Types of Clay

ottery fired at a low temperature (about 700 degrees centigrade or less), which remains porous until glazed.  This is the most common form of ceramic ware, found in all ages.

 PORCELAIN-  The highest grade of ceramic ware.  The original hard paste method was developed in China during the 17th century A.D.  It contains clay, feldspar and flint and must be fired at very high temperatures.  True porcelain ranges in color from white to gray, has a translucent appearance and produces a clear tone when struck. In our studio we use Venus white, a faux porcelain.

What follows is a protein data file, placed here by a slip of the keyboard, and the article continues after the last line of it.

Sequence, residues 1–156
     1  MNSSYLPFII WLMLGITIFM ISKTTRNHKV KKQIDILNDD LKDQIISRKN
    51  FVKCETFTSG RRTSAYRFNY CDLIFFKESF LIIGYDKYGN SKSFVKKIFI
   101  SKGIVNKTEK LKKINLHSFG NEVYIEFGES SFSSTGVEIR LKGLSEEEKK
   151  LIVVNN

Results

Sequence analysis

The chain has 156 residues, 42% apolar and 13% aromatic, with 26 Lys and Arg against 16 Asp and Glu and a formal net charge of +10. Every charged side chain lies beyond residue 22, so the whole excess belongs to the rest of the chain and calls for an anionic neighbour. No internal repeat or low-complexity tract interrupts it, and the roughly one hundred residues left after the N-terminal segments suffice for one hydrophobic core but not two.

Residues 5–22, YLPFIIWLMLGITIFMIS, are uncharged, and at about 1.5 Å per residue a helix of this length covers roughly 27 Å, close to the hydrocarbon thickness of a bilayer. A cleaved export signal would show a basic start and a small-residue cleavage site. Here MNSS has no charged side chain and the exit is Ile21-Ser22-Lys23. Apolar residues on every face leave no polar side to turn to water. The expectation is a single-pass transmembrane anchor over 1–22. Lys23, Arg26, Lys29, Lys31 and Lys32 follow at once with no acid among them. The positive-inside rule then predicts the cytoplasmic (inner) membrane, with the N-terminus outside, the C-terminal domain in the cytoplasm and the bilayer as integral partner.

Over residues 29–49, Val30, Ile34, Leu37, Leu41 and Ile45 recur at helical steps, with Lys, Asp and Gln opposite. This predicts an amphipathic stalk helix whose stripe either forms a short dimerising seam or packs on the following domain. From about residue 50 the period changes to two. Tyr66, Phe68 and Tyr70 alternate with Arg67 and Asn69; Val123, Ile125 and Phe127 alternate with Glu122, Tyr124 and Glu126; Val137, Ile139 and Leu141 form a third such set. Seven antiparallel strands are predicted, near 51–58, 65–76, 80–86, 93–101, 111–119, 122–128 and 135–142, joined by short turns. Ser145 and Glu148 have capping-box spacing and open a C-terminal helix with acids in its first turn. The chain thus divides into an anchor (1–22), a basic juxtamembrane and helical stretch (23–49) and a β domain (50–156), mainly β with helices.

STONEWARE-   Pottery fired at a high enough temperature to vitrify the clay so that it is close-grained, almost non-porous and as a result, extremely durable.  A glaze may be added to decorate the surface but it is not essential. In our studio we use Midfire 612 as our stoneware clay.

 TERRA COTTA-  The Italian words ‘terra cotta’ literally mean ‘baked earth’ and the term could be applied to any unglazed clay object, which has had an initial firing.  However its use tends to be restricted to the clays, which range in color from red to black, the most common being reddish-brown.  Terra cotta has been used as the material for countless objects since the Neolithic age, particularly simple pots, figurines, architectural decoration and roofing tiles.